Words by Michael Cranston
Photos by Aaron Aujla
Auj (photographer) and I show up at Circa around 5:40 p.m. The interview is supposed to start at 4:40 p.m., but it’s been moved back an hour. Sure. We kill time in the adjacent bookstore, perusing “Heather’s Picks”, pondering the response of the band if we were to present them with a copy of Keys to Understanding Men (and whether or not that would be funny). As interview time approaches, I phone Cut Copy's Tour Manager, who sounds stressed and irritable. I make a request (that is fairly unprofessional), which Tour Manager immediately deems unprofessional. The brief small-talk between myself/Auj and Tour Manager is awkward and tense; he informs us we are no longer interviewing the full band, only singer Dan Whitford. He asks a few questions that I find difficult to answer (“how many question do you have for Dan?”), to which I respond evasively (“well, depends which questions I choose”). “Alright,” Tour Manager says begrudgingly, “I’ll go get Dan. Make sure you have all your stuff set up.” I feel like I’m meeting the Pope. We conduct the interview in a worn-down kitchen. There is one chair, which I graciously offer to Dan. I stand during the interview. It’s as if I’m interrogating him and it’s all very strange. Tour Manager stands a few feet away (out of camera shot), not unlike a poised bodyguard.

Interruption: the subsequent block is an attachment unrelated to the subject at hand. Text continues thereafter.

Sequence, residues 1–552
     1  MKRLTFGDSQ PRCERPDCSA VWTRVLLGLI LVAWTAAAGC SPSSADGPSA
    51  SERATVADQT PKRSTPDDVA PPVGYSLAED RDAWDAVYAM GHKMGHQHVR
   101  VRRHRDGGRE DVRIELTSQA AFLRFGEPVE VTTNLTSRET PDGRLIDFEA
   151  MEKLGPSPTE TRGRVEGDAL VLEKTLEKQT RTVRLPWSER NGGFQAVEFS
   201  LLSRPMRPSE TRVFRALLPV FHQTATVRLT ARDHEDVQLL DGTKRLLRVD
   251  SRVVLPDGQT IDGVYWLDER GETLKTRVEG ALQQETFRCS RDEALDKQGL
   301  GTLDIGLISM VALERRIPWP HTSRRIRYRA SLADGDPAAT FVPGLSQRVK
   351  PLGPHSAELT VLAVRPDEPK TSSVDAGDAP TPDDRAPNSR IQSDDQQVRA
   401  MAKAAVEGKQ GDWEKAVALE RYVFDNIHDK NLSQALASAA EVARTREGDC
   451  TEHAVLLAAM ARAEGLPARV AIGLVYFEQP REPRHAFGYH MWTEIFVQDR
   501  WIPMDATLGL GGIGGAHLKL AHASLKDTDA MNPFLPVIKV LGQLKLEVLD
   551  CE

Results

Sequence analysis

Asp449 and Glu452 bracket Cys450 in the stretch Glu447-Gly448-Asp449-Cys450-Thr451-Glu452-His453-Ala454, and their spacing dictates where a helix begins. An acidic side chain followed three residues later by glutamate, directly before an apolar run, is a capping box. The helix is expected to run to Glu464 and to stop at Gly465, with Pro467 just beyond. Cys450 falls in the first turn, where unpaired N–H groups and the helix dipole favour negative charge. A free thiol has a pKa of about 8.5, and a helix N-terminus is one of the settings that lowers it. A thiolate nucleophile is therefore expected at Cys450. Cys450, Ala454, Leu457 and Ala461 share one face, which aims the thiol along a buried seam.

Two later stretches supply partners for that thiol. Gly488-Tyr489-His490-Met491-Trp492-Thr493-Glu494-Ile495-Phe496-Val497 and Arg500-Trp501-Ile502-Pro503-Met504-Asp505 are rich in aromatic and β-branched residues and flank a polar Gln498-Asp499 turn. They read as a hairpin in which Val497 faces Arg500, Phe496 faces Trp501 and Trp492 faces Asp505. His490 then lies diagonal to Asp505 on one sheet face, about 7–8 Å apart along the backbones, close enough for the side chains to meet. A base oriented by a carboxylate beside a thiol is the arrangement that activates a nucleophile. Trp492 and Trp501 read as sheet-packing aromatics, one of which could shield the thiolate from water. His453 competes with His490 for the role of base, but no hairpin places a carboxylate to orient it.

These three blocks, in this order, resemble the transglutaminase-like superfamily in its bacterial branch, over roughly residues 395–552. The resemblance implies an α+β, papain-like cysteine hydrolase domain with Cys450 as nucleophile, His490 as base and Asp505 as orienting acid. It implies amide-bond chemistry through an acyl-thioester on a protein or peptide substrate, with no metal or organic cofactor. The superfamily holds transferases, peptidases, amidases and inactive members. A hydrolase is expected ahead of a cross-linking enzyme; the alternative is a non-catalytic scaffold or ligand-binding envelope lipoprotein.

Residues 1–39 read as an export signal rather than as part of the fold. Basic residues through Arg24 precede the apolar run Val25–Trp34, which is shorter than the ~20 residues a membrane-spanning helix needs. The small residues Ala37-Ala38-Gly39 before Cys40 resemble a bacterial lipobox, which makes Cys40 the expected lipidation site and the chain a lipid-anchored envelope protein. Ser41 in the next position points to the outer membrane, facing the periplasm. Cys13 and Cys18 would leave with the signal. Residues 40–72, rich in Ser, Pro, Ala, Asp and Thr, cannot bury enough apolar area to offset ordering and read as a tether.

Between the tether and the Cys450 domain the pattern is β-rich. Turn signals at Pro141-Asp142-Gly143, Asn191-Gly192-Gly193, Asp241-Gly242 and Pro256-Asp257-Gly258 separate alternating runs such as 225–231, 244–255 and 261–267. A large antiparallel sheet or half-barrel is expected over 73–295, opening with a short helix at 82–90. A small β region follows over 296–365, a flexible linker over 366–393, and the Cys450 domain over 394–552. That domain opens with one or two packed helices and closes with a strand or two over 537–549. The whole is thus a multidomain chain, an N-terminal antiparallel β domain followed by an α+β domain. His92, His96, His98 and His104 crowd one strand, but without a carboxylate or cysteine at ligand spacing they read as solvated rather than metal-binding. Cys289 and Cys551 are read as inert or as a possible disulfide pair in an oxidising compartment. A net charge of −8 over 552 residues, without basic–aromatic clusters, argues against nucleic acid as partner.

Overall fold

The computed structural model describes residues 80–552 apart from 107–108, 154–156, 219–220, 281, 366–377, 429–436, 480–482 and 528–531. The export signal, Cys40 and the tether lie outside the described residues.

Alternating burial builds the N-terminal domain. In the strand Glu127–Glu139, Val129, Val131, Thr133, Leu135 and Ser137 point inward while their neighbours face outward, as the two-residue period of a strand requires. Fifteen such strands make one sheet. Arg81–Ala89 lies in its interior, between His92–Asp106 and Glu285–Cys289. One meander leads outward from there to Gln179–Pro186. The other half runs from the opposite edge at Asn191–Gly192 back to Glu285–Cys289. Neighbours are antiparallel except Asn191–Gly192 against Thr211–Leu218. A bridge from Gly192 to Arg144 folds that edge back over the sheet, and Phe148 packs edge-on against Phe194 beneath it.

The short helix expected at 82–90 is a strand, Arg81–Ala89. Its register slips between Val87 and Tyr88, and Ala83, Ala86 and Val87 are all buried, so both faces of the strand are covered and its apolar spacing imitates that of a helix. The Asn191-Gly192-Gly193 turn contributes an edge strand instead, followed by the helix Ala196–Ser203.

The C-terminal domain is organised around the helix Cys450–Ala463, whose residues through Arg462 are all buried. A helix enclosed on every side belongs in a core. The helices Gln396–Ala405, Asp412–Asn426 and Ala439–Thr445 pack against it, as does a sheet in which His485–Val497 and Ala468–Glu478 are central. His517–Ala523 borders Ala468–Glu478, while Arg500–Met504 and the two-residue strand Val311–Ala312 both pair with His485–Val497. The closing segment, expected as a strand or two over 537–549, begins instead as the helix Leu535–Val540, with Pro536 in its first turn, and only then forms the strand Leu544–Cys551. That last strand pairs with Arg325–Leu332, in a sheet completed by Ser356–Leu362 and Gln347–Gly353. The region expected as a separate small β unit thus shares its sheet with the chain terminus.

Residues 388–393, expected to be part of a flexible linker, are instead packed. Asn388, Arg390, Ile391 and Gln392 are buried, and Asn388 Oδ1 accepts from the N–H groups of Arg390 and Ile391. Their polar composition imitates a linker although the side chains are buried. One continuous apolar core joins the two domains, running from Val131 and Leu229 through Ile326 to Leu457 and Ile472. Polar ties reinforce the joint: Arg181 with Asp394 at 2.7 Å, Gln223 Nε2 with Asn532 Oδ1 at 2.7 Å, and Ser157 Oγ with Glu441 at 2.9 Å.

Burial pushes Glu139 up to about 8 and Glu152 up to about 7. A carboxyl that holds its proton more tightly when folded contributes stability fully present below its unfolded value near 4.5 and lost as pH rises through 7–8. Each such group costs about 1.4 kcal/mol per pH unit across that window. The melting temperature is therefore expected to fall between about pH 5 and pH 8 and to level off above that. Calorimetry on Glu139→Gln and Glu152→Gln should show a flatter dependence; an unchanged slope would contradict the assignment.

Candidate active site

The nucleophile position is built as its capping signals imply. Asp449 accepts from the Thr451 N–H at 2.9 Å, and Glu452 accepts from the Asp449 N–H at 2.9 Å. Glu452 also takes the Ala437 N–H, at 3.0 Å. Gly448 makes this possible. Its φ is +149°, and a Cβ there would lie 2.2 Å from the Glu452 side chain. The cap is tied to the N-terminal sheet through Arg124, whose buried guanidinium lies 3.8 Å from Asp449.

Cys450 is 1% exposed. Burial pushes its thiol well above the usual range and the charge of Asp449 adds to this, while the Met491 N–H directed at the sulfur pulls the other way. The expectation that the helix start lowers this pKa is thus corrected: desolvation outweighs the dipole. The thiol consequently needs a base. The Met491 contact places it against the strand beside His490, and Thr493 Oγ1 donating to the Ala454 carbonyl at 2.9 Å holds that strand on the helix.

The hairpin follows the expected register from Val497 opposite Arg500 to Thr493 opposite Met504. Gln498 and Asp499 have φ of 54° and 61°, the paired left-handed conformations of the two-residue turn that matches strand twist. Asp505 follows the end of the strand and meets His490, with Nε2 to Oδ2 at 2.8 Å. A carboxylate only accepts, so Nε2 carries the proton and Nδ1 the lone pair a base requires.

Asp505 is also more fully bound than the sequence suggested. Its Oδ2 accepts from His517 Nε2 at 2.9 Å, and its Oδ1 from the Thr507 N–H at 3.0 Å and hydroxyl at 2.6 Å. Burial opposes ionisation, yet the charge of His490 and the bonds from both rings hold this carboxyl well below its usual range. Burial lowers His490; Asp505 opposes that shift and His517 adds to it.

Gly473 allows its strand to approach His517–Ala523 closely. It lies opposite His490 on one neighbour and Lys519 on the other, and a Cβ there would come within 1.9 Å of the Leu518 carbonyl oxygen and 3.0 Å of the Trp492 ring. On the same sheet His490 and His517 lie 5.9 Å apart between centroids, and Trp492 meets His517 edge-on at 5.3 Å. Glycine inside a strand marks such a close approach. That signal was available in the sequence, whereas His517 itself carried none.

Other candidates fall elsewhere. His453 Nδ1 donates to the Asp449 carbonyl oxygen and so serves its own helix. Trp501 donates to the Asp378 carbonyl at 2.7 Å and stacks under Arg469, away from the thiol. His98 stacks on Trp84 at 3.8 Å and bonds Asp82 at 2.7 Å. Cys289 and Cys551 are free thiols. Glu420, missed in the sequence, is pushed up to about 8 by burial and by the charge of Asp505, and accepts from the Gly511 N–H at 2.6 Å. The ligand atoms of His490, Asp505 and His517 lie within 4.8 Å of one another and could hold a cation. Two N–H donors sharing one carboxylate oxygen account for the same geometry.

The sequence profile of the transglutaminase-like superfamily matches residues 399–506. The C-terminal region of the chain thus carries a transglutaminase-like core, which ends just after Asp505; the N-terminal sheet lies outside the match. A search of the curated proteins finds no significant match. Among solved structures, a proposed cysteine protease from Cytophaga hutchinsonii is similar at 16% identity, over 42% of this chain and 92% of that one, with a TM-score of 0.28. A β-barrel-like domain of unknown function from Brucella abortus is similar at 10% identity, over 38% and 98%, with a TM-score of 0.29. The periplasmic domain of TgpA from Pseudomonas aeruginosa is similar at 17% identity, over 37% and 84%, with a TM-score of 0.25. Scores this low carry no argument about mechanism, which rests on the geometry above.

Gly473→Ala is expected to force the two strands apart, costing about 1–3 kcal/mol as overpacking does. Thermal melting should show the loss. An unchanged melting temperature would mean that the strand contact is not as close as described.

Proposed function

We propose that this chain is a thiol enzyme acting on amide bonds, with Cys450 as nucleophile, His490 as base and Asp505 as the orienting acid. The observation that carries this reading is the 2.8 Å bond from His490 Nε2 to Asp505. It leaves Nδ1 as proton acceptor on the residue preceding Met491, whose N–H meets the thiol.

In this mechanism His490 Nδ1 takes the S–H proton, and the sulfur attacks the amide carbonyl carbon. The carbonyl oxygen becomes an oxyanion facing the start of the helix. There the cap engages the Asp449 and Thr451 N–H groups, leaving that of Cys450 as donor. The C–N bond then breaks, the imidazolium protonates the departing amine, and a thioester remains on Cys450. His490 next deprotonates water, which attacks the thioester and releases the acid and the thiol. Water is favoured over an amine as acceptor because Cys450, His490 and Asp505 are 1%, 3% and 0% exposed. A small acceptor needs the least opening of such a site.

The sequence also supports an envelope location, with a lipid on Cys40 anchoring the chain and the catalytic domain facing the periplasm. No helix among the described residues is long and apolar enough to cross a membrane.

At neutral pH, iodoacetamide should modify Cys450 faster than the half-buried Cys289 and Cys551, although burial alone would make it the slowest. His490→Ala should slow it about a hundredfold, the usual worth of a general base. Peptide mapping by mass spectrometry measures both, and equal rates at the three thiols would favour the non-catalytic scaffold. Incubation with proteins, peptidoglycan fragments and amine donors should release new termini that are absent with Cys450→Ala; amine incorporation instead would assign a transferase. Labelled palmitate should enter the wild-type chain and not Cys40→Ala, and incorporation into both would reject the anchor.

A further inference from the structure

I wonder whether or not to tell Dan a quick story of my first Cut Copy show last May: getting into the extremely sold-out venue by pretending I was a staff writer for Pitchfork. I imagine Tour Manager demanding $20 in lost revenue. I don’t tell Dan anything.
Where does your music converge with business? Dan looks confused at my admittedly broad opening question. I try to qualify.) … As in – you make remixes and mix-tapes, and these things don’t have price tags. And in the day and age where CD sales are negligible, how are business aspirations and expanding your fan base prioritized?
"Our goals are artistic ones. We’re not totally naïve and ignore commercial goals and marketing, but what we’re doing is geared towards creating our art, if you’d call it that. So the fact that we do mix-tapes or remixes is really just a way of creating things we find interesting, and hopefully other people do too. That’s definitely not something … with a commercial objective in mind. If we do these things and gain more fans, that’s great, but it’s not the be-all-end-all."
He’s completely genuine when he says this. He’s obviously tired as shit -- considering he asks Tour Manager immediately post-interview about going to bed -- from all the travel yet is earnest and grateful at his band’s (extremely) deserved fame.
You listed [Panda Bear’s] Person Pitch as your favorite record of 2007, did you have a favorite of 2008?
"I’m not sure if I have a favorite of that year … there’s a bunch of records I listened to and enjoyed, but not sure if I could pick out one in particular … Person Pitch was a stand-out for me the year before. I’ve got into a phase of being obsessed of hunting down old music and that’s become more of a thing."
Is that going to affect the next record?